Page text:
Update: Dan’s house seemed to be vacant and graffiti covered as of the spring of 2016.
As we were photographing the houses seen yesterday on Leffingwell, a man came out to his car, and greeted us. His name was Dan, and he and his family have lived at the corner of Madison and Leffingwell for several generations.
We talked about what it’s like to live in this forgotten corner of the city, and the daily challenges, but also the pride he has for holding on to his family’s house.
I realized that in all of this academic discussion that is currently going on in St. Louis about Paul McKee’s plans, the city’s powerbrokers and its critics have seldom just simply walked around the Near North Side, just talking to people, not in a position of power and weakness, but just two people standing in the street.
Dan in particular voiced his displeasure at the corn and bean fields planted a couple blocks away in St. Louis Place. He found it insulting, and in particular the image it projected that the he and his neighbors had no opinion, or didn’t care about what happened around them. Dan was the complete opposite: intelligent, well-spoken and passionate. He was not the stereotype that both sides of the political aisle in St. Louis view as the stereotype of a North St. Louis resident. For the record, no one consulted anyone in the neighborhood about the corn and bean experiment.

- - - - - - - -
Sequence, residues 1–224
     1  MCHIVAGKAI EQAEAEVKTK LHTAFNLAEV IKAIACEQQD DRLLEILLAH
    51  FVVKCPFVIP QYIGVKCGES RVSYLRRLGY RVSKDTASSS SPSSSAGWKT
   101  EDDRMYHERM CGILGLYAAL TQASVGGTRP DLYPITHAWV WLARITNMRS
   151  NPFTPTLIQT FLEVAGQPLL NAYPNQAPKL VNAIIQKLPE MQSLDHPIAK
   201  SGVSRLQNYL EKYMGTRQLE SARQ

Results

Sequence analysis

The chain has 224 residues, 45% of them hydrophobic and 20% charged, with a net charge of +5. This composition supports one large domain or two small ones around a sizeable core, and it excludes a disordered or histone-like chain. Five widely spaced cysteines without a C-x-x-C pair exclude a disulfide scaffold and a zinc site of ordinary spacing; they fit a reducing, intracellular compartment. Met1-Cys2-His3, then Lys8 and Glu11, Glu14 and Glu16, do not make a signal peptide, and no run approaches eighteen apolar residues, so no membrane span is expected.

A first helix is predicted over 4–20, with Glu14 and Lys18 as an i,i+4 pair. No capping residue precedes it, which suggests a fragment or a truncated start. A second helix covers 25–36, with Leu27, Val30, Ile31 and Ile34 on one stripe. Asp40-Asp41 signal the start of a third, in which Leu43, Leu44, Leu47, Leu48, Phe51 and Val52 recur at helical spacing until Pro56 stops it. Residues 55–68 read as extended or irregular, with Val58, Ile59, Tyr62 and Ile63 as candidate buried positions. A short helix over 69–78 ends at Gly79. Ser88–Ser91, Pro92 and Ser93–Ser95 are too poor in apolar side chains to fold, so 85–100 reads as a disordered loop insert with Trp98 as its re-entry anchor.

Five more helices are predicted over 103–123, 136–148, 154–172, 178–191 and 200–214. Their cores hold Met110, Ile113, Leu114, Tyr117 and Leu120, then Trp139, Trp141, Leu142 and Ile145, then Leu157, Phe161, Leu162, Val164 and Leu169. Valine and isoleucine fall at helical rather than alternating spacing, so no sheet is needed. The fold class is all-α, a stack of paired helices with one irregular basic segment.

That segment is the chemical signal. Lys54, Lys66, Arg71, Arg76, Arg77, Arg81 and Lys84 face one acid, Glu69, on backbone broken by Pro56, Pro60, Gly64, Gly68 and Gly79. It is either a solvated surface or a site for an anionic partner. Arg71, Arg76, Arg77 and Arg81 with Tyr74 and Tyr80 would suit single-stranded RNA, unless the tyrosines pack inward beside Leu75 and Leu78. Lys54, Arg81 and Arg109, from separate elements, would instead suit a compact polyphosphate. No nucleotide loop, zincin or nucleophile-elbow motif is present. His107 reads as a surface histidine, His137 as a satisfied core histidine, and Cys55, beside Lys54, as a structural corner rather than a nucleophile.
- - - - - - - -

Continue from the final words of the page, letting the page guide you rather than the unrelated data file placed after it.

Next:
Was Dan going to stick around there forever? Maybe not; it’s hard being the only occupied house in two hundred feet. And when no one bothers to care about him or his neighbors, it’s easy to see why.
4 Comments Add yours
I think it is great to find a guy like Dan who has found a place and they stay. Unfortunately the neighborhood has gone. We need more people like Dan. It must be painful to him to see the decay of the buildings and he probably knew many of the families who have come and gone. How was his family able to hold on and maintain their property and continue to live in an area that has lost so much?
Good question, Jan. I think sometimes the years just fly by, the houses go vacant one by one, and before you know if you’re the only person left.
Love this write up on Dan! I am so glad we met him.
Dan pretty much made that day for me. His discussion of what that factory was as well was fascinating.